WHAT IS AUTISM?
Autism and Autism Spectrum Disorder (ASD) are both general terms used interchangeably to describe a group of complex disorders of brain development. With the new publication of the Diagnostic and Statistical Manual of Mental Disorders 5 (DSM-5), all autism difficulties/ disorders were combined under one umbrella diagnosis of ASD. This is in contrary to the previous edition to the diagnostic manual that recognises distinct subtypes of disorders including autistic disorder, Asperger syndrome, pervasive developmental disorder-not otherwise specified (PDD-NOS) and childhood disintegrative disorder.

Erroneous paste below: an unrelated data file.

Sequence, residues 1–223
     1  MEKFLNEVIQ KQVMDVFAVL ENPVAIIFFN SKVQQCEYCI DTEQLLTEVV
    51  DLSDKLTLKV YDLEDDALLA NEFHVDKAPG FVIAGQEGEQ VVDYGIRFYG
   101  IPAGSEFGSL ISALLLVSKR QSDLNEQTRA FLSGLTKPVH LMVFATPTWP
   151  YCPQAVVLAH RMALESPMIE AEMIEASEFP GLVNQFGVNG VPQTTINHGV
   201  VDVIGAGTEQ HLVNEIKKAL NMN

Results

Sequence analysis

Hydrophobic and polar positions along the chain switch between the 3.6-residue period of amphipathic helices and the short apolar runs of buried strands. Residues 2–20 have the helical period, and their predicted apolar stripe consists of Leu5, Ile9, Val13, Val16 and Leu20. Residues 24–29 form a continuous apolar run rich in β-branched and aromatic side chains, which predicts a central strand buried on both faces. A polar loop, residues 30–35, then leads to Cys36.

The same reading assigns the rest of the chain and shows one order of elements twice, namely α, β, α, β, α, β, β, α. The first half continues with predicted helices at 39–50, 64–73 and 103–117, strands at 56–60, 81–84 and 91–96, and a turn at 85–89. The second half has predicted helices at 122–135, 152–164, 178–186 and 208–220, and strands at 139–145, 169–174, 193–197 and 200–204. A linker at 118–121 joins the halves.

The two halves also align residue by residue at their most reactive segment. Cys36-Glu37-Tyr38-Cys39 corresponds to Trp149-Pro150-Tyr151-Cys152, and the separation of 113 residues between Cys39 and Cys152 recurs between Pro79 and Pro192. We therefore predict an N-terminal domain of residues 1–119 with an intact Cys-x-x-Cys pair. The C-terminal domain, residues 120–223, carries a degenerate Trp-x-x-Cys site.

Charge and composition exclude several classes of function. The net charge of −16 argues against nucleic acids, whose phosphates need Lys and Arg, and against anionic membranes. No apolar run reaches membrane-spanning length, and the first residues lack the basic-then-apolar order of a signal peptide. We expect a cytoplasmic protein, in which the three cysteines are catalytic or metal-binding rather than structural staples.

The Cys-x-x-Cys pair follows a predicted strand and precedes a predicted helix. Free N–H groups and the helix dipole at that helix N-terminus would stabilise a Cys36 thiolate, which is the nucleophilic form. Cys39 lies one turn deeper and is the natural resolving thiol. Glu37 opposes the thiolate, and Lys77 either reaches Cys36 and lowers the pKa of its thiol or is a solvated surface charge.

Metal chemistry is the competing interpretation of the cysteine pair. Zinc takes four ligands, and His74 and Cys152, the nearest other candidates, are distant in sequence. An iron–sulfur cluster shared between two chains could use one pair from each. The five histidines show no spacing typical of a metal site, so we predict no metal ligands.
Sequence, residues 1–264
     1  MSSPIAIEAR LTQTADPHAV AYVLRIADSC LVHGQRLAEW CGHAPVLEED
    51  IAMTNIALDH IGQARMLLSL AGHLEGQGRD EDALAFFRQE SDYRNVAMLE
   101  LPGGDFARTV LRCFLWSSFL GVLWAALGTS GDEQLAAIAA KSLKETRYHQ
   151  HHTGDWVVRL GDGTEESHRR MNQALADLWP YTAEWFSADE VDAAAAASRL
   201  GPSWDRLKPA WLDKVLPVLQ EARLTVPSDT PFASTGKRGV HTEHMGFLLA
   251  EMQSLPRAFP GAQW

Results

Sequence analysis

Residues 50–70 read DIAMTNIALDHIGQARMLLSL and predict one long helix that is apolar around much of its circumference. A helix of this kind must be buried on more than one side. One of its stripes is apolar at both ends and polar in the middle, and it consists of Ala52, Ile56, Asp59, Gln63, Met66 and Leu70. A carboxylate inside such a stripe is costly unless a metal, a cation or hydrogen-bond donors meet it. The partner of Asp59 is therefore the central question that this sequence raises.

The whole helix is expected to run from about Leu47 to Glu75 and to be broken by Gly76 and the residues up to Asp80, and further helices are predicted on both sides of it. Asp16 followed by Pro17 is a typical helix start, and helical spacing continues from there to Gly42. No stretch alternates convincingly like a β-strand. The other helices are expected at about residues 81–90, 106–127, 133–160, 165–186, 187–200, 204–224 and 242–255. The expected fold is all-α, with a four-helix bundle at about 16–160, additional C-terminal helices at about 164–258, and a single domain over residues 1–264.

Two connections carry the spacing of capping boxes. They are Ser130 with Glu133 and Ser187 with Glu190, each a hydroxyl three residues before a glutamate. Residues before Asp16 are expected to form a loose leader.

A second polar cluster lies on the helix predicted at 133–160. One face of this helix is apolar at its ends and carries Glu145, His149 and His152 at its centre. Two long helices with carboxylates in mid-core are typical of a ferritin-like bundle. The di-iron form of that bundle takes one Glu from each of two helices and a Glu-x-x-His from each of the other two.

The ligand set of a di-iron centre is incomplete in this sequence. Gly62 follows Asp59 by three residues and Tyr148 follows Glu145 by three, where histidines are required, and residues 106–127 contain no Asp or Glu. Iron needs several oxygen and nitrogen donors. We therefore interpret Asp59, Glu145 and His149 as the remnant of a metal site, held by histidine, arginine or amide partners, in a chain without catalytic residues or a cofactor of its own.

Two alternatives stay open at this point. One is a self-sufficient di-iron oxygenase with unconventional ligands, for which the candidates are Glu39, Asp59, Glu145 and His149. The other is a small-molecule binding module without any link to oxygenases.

Autism is a lifelong development difficulty that affects how an individual relates, communicates and interacts with other people as well as how they perceive the world around them. In essence, they face deficits in social communication/ interaction and have restricted, repetitive patterns of behaviour or interests. It is a spectrum disorder in which their symptoms and severity vary widely across the core characteristic symptoms. This means, while all individuals with autism share certain similar difficulties, these symptoms affect their lives differently. No two individuals with autism share similar degree of difficulties.
According to the autism statistics from the U.S. Centers for Disease Control and Prevention (CDC), as of 2014, 1 out of 68 children have been identified as on the spectrum. It is identified that autism is three to four times more common in boys (1 out of 42) than girls (1 out of 189). However, girls tend to possess more severe symptoms and lower intelligence.